Fixing Survey Samples by Raking Weights

# Fixing Survey Samples by Raking Weights

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June 24, 2018

When working with survey data, your sampling is oftentimes imperfect. For example, women respond to surveys more frequently than men, so you could easily end up with a 70-30 split of women to men. Similarly, middle-aged people may be harder to reach than older people or younger people online (at least that's been my experience).

When you want to report a statistic, such as "What percentage of people in the US watch the TV Show Game of Thrones?", or "How many Big Macs® does the average American eat a year?", you want to make sure that the way you report your statistic is representative of reality. If you cannot get a sample perfectly proportional to reality (e.g., 50% men, 50% women--for ages about 27% ages 18-29, 40% ages 30-54, 33% ages 55+), then weighting the data is often a good choice.

## Methods of Weighting

### Basic Proportions

The simplest method of weighting is taking the cross-tabulation of all of the variables you want to weight by (e.g., age and gender, or possibly just gender), and then assigning weights to each row of your data so that the sum of weights in each cross-tabulated group is propoertional to the true population. For example, in the example above with a 70% response rate for women, you would give a weight of 2.33 (`0.7/0.3 * 0.5/0.5`) to each man, and 1 to each woman, and then normalize them (multiply by the population divided by sum of weights) to get weights of 1.66 and 0.714 for men and women, respectively.

### Raking

Oftentimes cross-tabulations are not available for every single variable, but you have individual figures for each of those variables. Or perhaps even a cross-tabulation of a subset of those variables. You can still get a good weight estimate by applying a technique called raking, which iteratively adjusts the weights of each row so that a particular column's proportions match with the weight proportions.

The process looks like this:

1. Set each weight to 1
2. Select your variables to weight by and their true population/percentages
3. Repeat steps 4-5 until convergence
4. Repeat step 5 for each variable
5. Set the weight of the column to its weight times the true proportion of each group divided by the proportion represented by the sum of weights in each group. A more proper description: 6. (optional) Limit the maximum weight to the median of the weights plus 6 times the inter-quartile range (IQR) of the weights. This prevents rare categories from having too much impact in your results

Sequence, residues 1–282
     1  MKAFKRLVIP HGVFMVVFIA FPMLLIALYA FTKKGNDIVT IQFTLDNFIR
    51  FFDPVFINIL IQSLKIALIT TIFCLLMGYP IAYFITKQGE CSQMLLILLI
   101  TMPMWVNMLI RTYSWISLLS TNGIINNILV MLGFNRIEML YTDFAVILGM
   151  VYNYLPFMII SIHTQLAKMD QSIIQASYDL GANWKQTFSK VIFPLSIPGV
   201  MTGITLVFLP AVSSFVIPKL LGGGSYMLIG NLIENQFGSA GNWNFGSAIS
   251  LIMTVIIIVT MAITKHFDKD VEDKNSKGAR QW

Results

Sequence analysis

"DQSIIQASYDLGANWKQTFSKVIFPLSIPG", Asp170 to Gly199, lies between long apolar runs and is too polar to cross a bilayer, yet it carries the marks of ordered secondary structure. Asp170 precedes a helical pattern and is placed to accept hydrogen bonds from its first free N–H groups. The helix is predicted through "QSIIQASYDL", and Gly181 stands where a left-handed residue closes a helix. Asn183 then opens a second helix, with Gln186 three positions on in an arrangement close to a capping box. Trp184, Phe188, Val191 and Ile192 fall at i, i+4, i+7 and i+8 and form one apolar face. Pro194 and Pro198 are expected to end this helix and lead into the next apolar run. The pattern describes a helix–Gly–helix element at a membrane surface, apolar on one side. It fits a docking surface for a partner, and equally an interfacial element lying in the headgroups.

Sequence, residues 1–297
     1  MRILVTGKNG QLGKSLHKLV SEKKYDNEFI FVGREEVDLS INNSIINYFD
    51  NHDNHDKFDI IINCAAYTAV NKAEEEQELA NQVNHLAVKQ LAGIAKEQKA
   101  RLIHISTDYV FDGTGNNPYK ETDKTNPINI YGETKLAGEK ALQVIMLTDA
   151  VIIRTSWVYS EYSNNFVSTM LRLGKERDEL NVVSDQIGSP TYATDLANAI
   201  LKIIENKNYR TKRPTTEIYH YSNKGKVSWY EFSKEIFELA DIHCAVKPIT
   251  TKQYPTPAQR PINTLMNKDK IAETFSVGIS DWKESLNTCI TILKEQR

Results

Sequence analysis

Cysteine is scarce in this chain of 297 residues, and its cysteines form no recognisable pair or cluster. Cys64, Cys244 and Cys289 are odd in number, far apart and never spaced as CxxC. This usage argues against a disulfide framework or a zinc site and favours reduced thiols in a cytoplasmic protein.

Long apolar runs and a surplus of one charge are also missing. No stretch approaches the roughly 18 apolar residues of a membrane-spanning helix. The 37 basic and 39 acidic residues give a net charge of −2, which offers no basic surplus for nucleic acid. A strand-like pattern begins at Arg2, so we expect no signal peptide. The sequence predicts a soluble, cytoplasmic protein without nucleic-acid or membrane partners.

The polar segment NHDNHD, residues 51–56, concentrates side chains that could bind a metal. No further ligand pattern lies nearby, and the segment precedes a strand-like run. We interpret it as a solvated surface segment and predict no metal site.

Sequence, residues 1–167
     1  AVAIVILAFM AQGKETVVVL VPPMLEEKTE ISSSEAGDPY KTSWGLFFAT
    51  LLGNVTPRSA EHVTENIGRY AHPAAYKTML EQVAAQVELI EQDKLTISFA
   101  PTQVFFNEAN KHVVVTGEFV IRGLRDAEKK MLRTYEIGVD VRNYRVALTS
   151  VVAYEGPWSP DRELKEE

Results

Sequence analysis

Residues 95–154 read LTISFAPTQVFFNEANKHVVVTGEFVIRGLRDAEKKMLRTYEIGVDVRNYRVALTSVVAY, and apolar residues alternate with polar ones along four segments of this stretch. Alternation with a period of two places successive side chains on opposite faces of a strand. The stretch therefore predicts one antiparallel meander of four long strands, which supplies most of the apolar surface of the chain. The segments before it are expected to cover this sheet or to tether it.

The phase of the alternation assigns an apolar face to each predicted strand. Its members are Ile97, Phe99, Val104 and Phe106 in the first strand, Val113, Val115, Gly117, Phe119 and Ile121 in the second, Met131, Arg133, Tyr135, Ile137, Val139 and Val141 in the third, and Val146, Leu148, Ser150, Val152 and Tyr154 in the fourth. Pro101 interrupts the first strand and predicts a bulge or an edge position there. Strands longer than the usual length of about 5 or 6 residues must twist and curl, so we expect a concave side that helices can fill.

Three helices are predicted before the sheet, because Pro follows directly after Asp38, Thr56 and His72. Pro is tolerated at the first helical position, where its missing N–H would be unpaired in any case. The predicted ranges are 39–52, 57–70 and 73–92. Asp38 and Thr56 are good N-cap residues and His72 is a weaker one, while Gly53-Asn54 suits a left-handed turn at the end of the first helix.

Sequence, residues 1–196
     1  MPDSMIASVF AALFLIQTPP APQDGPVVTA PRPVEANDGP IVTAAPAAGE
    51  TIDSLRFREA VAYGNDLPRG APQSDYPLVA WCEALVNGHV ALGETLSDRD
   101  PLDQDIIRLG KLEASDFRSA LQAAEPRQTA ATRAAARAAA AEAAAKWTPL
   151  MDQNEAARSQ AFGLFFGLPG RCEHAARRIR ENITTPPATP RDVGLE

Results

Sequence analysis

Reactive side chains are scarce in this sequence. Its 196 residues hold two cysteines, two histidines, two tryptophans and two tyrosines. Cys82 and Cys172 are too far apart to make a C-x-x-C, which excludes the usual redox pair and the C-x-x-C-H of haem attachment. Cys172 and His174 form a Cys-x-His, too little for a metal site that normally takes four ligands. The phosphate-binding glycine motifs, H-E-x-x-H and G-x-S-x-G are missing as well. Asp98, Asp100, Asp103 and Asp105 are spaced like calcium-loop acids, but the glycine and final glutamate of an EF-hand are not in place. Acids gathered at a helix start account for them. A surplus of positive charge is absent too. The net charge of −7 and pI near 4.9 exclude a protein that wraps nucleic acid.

7. Multiply the final weights by the total sample size divided by the sum of the weights (for normalization)

## What to do with the weights

• Use them to create a weighted mean of a variable you want to describe. ` weighted_mean(x, weights) = sum(x*weights)/sum(weights)`
• Add them together as a replacement for counts in other tabulations/cross-tabulations. This can be used, for example, with Fisher's exact test, which detects correlations between categorical variables

## What NOT to do with the weights

• They should not be used as weights in a regression. This will decrease performance of the algorithm. The variables you are "weighting by" should be control variables in the model. Weighting in regression should mainly be used to minimize the impact of outliers

## Possible Pitfalls

• If two groups you are raking by are highly correlated, then convergence will be slower and the weights will not be as useful
• If there are cells that are empty or have low counts, then convergence will be lousy and the weights will not be as useful
• If the actual groups are highly correlated, you should use cross-tabulations. e.g., if you were weighting by age and income, you would be best to use a cross-tabulation of both of those variables, as older people are wealthier than younger people in general.
• If there are a large number of variables or a large number of groups within each/any variable, the performance of raking significantly decreases

# Code Example

Below is an implementation of raking in R

```library(plyr)
library(dplyr)
library(reshape2)
library(ggplot2)

# will make sure a list's elements match the levels of
# the data it corresponds to
reorder_list <- function(x, reference_data){
new_list = list()
data_levels = levels(reference_data)
for (level in levels(as.factor(reference_data)))
new_list[[level]] = x[[level]]
return(new_list)
}

# calcualtes weights for data based on selected variables and their "true" margins
rake_data <- function(data, variables, true_or_estimated_margins, max_iter=50, truncate_extreme_weights=TRUE){
weights = rep(1, nrow(data))

# calculate the sum and proportions of each variable + level in advance
# and make sure that order matches the same order in the data
total_margins = list()
for (variable in variables){
original_margins = true_or_estimated_margins[[variable]]
reordered_margins = reorder_list(original_margins, data[,variable])